“This year we expect a slow quinceañera season, it’s going to be tough,” said Marco Salcedo from Chula Vista.
Salcedo said that there were about 300 visitors at his Quinceañeras Magazine Expo event on Sunday (April 30) held at the San Diego Marriott Hotel Del Mar. This is his 12th year promoting events to connect the vendors and the customers.
“Last year we had 1,400 people attending,” Salcedo said, “we have like 300 now; it’s sad.” He said that 2017 has not been good for his businesses.
There were about 25 vendors which displayed their services to beautify and capture the traditional quinceañera experience.
The quinceañera is a traditional celebration of the fifteenth birthday of a young Hispanic woman. The family usually requests a Mass or a blessing to be held in church.
“Since Trump took over, my business became slow,” said Noel Leon, a photographer who had a table display at the show. Samples of his work were mounted in frames displayed on easels and in coffee books and photo albums on a table. “Business is slower by 40 percent for me, but my friends’ [photography businesses] are not [as] good.”
Salcedo said that photographers got hit the hardest in their industry because “now everyone’s got a camera,” as he pulled out his smartphone.
Gabriela Vazquez and Brenda Enciso are hair and makeup artists that had side-by-side tables. They both agreed that their businesses have dropped about 50 percent this year and usually by April, they should have their weekends booked – booked so much that they never had time to do shows like this one. They charge about $120 for a complete hair and makeup job (1.5 hours) and charge extra if they do airbrush work. “People are holding onto their money in case the worst happens,” said Vazquez.
Salcedo said that he has watched his business shift from a 40 percent upswing after Obama was first elected in 2007 to now a 50 percent downswing after Trump was elected. “When Obama promised that he would help fix the situation of the illegal immigrants (in 2007), the people felt secure and they spent money [on quinceañeras],” he said, “… but now some need to save money because they are scared that they [or a family member] might get deported.”
There were other businesses present at the exposition like lenders (Wells Fargo Bank), venues, caterers, DJs, videographers, floral arrangers, tux rentals (for the chambelanes), and dress designers.
“To be honest, I am not affected that much because I sell my dresses to [clients from] other cities too,” said April from April Black Diamond’s in Los Angeles. She said that her business has remained at the same level and her dresses range from $1500 to $8000. “That’s an amazing Victorian dress,” said one of the girls as she pointed to the dress to the left of April’s table. “It’s about $5000 and it takes us about three months to make it,” April said.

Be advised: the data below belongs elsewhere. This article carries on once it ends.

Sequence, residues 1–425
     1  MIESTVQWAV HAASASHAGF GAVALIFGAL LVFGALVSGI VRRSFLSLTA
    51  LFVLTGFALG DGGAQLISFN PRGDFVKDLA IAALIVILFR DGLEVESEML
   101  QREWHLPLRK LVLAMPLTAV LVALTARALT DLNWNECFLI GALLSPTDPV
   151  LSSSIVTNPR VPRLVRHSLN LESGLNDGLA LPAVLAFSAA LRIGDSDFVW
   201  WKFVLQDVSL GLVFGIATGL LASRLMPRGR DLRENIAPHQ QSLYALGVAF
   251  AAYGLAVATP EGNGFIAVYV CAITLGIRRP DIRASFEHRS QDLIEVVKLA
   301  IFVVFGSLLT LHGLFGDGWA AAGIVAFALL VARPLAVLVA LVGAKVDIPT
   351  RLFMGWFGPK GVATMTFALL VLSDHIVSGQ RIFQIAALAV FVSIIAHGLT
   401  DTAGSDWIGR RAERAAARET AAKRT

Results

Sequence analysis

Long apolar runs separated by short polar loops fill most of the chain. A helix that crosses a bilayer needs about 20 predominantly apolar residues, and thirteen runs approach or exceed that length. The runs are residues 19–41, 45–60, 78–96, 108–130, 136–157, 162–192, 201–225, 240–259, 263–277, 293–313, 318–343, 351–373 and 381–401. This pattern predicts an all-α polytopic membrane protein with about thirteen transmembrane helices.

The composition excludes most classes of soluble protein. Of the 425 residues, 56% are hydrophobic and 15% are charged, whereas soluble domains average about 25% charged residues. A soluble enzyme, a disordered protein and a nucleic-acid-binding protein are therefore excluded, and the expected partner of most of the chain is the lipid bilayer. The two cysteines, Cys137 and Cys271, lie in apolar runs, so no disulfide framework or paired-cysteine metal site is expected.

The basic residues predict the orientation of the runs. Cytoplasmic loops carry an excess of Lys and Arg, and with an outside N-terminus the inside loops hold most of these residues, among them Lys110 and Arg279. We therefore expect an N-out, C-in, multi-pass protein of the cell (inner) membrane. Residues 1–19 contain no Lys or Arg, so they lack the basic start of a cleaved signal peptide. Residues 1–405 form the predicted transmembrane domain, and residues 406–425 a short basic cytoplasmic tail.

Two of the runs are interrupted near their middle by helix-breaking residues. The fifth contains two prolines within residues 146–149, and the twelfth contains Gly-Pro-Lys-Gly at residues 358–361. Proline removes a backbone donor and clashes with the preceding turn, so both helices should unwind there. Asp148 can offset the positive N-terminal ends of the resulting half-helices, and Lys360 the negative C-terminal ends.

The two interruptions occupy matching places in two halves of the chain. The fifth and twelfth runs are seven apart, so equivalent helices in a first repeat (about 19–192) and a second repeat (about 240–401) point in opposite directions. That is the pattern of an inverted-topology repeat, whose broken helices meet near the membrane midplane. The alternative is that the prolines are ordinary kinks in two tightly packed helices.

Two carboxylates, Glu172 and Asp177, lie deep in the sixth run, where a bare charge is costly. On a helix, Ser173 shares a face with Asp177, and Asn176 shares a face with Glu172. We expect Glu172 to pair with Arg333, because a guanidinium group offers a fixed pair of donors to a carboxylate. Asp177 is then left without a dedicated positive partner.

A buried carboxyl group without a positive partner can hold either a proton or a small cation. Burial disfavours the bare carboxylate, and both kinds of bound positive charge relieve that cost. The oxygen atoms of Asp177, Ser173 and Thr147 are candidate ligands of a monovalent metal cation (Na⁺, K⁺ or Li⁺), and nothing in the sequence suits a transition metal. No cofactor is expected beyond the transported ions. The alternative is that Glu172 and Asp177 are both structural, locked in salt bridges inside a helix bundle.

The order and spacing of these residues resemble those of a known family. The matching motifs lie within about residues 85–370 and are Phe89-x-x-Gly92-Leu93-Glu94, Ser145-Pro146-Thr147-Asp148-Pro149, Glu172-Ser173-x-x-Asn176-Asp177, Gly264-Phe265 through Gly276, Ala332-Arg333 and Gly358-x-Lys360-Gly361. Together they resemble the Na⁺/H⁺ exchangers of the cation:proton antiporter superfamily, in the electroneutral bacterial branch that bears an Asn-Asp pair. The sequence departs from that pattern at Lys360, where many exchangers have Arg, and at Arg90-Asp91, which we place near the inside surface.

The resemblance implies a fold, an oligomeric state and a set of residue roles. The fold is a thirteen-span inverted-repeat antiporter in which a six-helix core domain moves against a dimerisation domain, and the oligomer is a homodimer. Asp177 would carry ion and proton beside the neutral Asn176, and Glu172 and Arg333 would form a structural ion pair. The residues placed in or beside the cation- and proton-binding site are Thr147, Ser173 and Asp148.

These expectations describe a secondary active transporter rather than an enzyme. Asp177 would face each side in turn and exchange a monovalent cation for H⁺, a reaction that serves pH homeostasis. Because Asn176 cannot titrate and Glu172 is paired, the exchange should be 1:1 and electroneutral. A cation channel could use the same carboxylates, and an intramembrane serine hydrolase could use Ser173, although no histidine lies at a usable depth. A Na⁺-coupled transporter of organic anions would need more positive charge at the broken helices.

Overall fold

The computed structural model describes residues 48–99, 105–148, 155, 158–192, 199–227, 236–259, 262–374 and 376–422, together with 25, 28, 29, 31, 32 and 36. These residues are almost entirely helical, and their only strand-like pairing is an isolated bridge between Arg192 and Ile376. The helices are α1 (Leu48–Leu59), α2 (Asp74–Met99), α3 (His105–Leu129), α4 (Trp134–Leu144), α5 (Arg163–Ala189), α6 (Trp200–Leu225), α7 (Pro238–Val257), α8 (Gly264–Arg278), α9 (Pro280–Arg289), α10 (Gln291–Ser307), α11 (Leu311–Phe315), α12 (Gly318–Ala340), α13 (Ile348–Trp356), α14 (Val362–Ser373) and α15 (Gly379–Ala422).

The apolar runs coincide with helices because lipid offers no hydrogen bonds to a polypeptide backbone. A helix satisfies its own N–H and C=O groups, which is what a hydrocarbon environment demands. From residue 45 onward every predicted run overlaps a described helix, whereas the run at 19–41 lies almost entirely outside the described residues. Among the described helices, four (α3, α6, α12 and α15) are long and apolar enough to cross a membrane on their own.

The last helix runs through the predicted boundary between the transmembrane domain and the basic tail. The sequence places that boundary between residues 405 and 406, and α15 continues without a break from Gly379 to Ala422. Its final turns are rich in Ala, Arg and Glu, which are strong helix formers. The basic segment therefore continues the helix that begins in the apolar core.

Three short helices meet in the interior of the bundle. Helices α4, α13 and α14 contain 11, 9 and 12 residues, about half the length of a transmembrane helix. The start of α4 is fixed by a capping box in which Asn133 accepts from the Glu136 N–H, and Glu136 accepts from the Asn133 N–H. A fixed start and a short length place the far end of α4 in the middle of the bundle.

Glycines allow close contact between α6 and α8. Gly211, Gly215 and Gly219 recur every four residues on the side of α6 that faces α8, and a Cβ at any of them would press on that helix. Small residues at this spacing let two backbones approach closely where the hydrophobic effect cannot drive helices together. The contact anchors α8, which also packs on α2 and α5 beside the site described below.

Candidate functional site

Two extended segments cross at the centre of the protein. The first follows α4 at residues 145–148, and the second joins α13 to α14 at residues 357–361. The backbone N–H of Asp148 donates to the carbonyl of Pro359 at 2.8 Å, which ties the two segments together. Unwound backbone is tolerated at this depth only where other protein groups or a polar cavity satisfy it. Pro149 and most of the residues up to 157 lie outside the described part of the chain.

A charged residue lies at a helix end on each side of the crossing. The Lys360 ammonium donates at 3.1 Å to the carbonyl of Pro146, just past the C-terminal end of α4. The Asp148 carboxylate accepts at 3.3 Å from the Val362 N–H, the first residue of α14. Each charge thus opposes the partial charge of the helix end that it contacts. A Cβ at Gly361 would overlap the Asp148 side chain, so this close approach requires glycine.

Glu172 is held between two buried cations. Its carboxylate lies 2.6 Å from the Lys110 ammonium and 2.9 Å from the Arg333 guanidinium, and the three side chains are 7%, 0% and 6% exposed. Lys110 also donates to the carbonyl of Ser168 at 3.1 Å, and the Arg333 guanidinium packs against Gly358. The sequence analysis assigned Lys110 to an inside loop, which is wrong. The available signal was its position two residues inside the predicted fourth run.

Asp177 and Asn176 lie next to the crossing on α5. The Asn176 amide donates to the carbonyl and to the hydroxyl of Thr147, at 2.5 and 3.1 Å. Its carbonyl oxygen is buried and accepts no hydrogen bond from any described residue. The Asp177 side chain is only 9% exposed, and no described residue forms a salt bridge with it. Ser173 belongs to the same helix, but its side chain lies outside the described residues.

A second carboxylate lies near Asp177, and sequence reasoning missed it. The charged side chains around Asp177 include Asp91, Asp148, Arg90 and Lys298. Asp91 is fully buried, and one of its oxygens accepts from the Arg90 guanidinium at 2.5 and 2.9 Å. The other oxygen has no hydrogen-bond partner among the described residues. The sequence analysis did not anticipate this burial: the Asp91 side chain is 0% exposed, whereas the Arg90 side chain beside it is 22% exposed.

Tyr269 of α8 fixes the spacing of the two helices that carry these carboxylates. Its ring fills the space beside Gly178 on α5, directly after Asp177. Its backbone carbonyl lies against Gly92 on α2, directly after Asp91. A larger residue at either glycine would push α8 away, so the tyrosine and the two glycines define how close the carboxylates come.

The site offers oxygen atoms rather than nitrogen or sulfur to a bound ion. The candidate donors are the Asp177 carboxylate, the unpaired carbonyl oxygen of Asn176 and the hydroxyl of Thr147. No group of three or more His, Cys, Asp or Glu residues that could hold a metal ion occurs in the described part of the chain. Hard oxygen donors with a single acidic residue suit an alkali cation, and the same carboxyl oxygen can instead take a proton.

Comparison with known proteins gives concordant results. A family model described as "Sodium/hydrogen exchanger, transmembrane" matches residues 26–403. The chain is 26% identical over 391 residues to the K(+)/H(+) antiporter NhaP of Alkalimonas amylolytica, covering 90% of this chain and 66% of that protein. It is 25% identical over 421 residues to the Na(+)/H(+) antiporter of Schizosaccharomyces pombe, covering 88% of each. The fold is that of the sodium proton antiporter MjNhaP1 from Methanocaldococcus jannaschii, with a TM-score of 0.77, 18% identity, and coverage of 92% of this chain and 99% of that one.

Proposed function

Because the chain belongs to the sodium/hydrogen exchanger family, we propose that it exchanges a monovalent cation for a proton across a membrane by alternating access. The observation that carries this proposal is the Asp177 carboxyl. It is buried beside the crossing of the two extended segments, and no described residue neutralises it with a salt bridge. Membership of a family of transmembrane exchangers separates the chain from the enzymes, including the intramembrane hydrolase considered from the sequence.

At approximately 2:00 p.m., six models decked in quinceañera glamour (dress, heels, with face and hair made-up) strutted on the elevated stage in front of the 200-or-so spectators. Some 14-year-old girls had their social media apps recording the models as they got “live” feedback from their classmates.
“Times are different” said Gloria, the manager of Paris Hall at 4120 Alpha St. Her venue is located in South Park and can seat about 300 people. “Business is slower by 40 percent,” she said. She added that parents, until this year, would have an average budget of $5000 to rent a venue, “now it’s less, more like $3500.”
John designs custom quinceañera and wedding invitations and sells them on the Etsy website. He charges $20-$200 depending if he has to print and ship, or simply email the customer the file (and they can print the invitations at their location). “Man, business is bad,” he said, “I have heard that many people are scared to throw big parties in fear that they might get raided.”
Salcedo understands what many of his vendors are feeling and said that it will get better with time. “Do not be scared, we are getting into a vicious circle if we do not spend,” he said, “the anger towards the president, will only hurt our [own] people.”
He is advising his vendors with options as well, “we need to expand our services and [gain] knowledge of the other cultures to increase our income, like servicing the debutants,” he said.
One venue in City Heights is ahead of the curve. The Royal Hall, which was called Five Star Hall, was a popular venue for the quinceañera. Last month, the owner decided to make the venue a Vietnamese restaurant during the weekdays and still host parties on the weekend.